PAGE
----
Siobhan Hodge

Siobhan Hodge has a PhD in English literature. Her thesis focused on Sappho’s legacy in English translations. Born in the UK, she divides her time between Australia and Hong Kong. Her chapbook of reflections on Sappho, Picking Up the Pieces, was published in 2012 as part of the Wide Range Chapbooks series. She is currently the Reviews Editor for Writ Review and an Associate Editor for Rochford Street Review. She has had critical and creative works published in a range of places, including Westerly, Axon, Contrapasso, Peril, Plumwood Mountain.

Introduction to Siobhan Hodge’s Justice for Romeo

Justice for Romeo, as a title, will seem both accurate and misleading for most readers; this is a book decidedly concerned with justice, and Siobhan Hodge’s sense of ethical responsibility pervades the poems. Hodge’s book includes as epigraph the exchange between Romeo and a servant in Act I, Scene ii of the most famous love story of all time; the servant asks, ‘I pray, can you read any thing you see?’, to which Romeo replies, ‘Ay, if I know the letters and the language.’

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Siobhan Hodge Reviews Contemporary Australian Feminist Poetry

Contemporary Australian Feminist Poetrypresents a compelling cross-section of feminist voices, experiences and engagements in Australia, picking up from where Kate Jenning’s 1975 feminist anthology Mother, I’m Rooted: An Anthology of Australian Women Poets left off.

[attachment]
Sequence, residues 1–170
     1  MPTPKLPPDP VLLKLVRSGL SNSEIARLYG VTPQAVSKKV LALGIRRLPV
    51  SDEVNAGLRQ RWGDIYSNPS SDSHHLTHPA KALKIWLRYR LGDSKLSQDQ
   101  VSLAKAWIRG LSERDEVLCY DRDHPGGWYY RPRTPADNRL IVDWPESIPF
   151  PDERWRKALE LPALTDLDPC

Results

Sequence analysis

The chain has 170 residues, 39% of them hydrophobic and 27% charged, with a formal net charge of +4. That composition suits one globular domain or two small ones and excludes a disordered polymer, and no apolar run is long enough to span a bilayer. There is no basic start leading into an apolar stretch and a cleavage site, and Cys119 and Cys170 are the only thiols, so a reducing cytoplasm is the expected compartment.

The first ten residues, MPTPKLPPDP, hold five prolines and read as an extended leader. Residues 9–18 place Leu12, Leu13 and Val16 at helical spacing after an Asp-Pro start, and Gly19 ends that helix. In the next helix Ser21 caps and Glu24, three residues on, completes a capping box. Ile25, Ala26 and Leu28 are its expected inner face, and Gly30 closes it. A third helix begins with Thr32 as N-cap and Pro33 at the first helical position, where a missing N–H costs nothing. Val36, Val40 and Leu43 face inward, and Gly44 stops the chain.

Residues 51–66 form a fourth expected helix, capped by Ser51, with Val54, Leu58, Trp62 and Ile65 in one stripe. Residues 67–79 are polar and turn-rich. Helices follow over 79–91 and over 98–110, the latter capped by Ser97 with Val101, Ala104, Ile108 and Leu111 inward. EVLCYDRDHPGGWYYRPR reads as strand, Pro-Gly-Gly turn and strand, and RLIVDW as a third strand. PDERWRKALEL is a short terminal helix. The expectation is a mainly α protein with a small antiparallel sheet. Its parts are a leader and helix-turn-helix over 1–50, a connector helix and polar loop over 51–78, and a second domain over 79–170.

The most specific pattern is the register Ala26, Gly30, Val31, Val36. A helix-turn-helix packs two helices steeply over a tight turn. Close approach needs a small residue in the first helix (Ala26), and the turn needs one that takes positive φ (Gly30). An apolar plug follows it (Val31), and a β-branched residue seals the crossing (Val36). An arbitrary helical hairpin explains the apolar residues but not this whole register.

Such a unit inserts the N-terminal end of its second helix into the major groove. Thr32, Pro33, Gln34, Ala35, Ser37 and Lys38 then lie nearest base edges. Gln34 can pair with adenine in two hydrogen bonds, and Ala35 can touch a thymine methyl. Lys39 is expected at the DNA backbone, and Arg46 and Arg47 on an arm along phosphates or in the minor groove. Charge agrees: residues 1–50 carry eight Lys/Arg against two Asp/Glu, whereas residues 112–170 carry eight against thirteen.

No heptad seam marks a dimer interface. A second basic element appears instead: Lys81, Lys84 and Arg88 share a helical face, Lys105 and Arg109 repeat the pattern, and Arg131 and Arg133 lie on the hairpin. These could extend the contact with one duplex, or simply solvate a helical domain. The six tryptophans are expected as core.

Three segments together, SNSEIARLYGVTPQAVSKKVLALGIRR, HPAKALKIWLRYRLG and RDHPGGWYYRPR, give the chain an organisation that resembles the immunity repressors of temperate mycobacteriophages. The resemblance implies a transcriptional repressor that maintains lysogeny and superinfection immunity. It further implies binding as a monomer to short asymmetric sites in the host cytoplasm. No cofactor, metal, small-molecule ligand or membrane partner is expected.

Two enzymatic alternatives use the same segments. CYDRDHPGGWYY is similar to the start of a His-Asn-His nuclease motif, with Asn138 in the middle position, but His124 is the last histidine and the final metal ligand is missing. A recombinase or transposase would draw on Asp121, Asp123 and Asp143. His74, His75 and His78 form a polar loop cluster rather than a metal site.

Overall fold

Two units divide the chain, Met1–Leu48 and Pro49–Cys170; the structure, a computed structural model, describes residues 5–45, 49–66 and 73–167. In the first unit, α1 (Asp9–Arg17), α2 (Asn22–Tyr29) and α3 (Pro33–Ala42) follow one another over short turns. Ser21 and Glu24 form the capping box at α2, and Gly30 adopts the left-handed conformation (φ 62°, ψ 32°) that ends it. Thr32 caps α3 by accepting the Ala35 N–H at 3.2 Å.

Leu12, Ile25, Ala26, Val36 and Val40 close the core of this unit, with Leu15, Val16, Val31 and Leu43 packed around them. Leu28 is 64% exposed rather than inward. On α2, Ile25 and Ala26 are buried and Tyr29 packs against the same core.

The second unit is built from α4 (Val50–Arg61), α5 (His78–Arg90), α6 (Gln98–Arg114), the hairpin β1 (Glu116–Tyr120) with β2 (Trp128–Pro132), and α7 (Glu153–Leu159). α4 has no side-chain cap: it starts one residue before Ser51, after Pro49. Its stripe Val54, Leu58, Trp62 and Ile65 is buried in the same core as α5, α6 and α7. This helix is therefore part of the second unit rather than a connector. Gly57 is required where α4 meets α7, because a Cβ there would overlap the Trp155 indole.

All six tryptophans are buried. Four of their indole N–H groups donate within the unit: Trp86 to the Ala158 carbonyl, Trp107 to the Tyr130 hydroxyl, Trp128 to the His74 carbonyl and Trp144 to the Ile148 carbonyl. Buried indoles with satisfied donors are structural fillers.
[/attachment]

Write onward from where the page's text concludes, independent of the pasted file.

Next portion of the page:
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Review Short: David Gilbey’s Pachinko Sunset

David Gilbey’s long-standing connections with Japan take centre stage in Pachinko Sunset, a collection that embraces simple, direct form to explore a layered series of issues linked with this relationship. The titular ‘pachinko’ refers to a popular Japanese game akin to pinball, in which a cascade of small metal balls are released to strike pins and be channelled off into different locations, with different prize implications for each. This image is a fair comparison for the text as a whole, as Pachinko Sunset delivers a sequence of poems in constant activity, heading in numerous directions at once, yet intrinsically caught up in the anxieties and ironies of travelling, translating, and relating Australia to Japan.

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Review Short: Gina Mercer’s weaving nests with smoke and stone

Gina Mercer’s latest collection, weaving nests with smoke and stone, is a delicate assembly of sights and sounds, visually rich and focused on the natural. Mercer’s repetition of the word ‘fossick’ throughout the collection aptly summarises the poetic processes involved. This is a collection of quick, searching movements. Lyrically deft, musical and richly preoccupied with natural elements, the poems construct meeting points for nature and humanity, ceding more and more with each piece along the way.

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Review Short: Shari Kocher’s The Non-Sequitur of Snow